Review: Marvel’s Eternals is a movie cursed by its beauty and ambition

(L-R): Kingo (Kumail Nanjiani), Makkari (Lauren Ridloff), Gilgamesh (Don Lee), Thena (Angelina Jolie), Ikaris (Richard Madden), Ajak (Salma Hayek), Sersi (Gemma Chan), Sprite (Lia McHugh), Phastos (Brian Tyree Henry) and Druig (Barry Keoghan) in Marvel Studios' ETERNALS. Photo courtesy of Marvel Studios. ©Marvel Studios 2021. All Rights Reserved.
(L-R): Kingo (Kumail Nanjiani), Makkari (Lauren Ridloff), Gilgamesh (Don Lee), Thena (Angelina Jolie), Ikaris (Richard Madden), Ajak (Salma Hayek), Sersi (Gemma Chan), Sprite (Lia McHugh), Phastos (Brian Tyree Henry) and Druig (Barry Keoghan) in Marvel Studios' ETERNALS. Photo courtesy of Marvel Studios. ©Marvel Studios 2021. All Rights Reserved. /

If you thought Marvel was starting to feel overstuffed and overcomplicated during the Avengers: Infinity War and Endgame era, you haven’t seen anything yet. And if you weren’t on the “downsize Marvel” bandwagon already, you’ll definitely be feeling that way after seeing Eternals.

Eternals is, quite frankly, a lot. And it’s one of the more complicated films to analyze, especially compared to every other film in the MCU. In a nutshell, there are a lot of wonderfully executed aspects in this Chloé Zhao-directed film. She’s an Oscar-winning director after all, and she knows her stuff. But as a whole, between the quest to make this an epic, breathtaking film while still trying to be a Marvel property, the thing just fizzles out.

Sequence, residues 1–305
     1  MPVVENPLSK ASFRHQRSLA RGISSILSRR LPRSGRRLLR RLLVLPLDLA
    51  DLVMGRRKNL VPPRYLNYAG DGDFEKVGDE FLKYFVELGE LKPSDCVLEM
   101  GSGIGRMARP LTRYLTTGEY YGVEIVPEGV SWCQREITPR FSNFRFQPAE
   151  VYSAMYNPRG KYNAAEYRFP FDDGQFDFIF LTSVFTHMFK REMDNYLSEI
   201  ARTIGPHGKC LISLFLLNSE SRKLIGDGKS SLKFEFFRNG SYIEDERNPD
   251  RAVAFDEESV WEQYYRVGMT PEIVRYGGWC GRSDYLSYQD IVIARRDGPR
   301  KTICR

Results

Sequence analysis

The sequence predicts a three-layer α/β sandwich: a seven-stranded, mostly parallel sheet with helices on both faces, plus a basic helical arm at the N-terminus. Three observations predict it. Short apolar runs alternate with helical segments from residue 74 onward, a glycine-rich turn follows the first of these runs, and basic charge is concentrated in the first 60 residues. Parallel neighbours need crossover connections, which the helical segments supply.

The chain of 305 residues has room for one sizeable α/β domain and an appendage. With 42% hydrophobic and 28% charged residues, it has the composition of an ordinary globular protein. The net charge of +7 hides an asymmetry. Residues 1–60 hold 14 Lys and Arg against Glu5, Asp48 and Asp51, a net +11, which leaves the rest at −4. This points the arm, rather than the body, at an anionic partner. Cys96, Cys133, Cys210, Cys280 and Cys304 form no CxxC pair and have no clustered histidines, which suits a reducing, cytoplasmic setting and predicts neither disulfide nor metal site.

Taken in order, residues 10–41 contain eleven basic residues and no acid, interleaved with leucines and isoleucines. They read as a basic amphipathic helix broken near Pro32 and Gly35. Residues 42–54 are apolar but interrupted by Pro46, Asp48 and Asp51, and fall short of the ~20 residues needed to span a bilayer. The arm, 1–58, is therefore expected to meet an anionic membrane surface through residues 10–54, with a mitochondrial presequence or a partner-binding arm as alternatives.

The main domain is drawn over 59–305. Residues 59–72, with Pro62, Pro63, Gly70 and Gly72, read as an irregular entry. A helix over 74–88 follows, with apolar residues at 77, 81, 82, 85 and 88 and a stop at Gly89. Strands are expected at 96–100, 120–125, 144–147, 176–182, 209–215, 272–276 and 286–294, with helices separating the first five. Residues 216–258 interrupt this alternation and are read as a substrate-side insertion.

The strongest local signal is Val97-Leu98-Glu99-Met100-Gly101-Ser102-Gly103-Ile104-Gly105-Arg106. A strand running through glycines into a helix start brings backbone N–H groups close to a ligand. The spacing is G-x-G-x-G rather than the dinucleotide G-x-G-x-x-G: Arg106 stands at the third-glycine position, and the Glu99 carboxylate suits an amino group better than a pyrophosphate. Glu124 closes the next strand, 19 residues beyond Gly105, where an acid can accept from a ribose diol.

The parts of the whole, admittedly, are well-done on a fundamental level: the scenes, the scenery, the costumes, the characters, the acting, and sometimes even the humor. But this film is best described as a patchwork dress. You can have many gorgeous pieces of fabric. But when sewn together, they don’t necessarily make an appealing garment.

So, let’s start with the plot. This is essentially a “getting the team back together again” movie. The Eternals, who have all been on Earth for thousands of years, were given a mission by the Celestials to guard the planet from Deviants, destructive little monsters that wreak havoc on tour world. At some point, the Eternals accomplished their mission and eradicated these creatures. But many years later in the present day (after the team has broken up), more Deviants surface, and this time they are more advanced. This leads the group to team up again, on a mission to find out why these mutated Deviants have appeared. And ultimately, it leads them to discover what their true mission on Earth is about.

The plot’s biggest flaw is the main antagonist, which draws inspiration from (what I can only imagine are) video game monsters you might find in a PlayStation 2 game. While more nuance develops as the movie goes on, I would expect a film of this caliber to have an opposing force that’s more mature, more calculated, and just more villainous than a couple of vicious, four-legged creatures. The action scenes were far and few between. And when they do occur, seeing the heroes fight a bunch of motiveless creatures was not effectively entertaining. After having beautifully written villains like Thanos and Erik Killmonger, the stakes in a Marvel movie have never felt lower.

Eternals has interesting characters but a flawed approach to them

The characters, though, were an enjoyable aspect of the film. But two hours and 37 minutes simply is not enough time to get to know 10 brand new superheroes.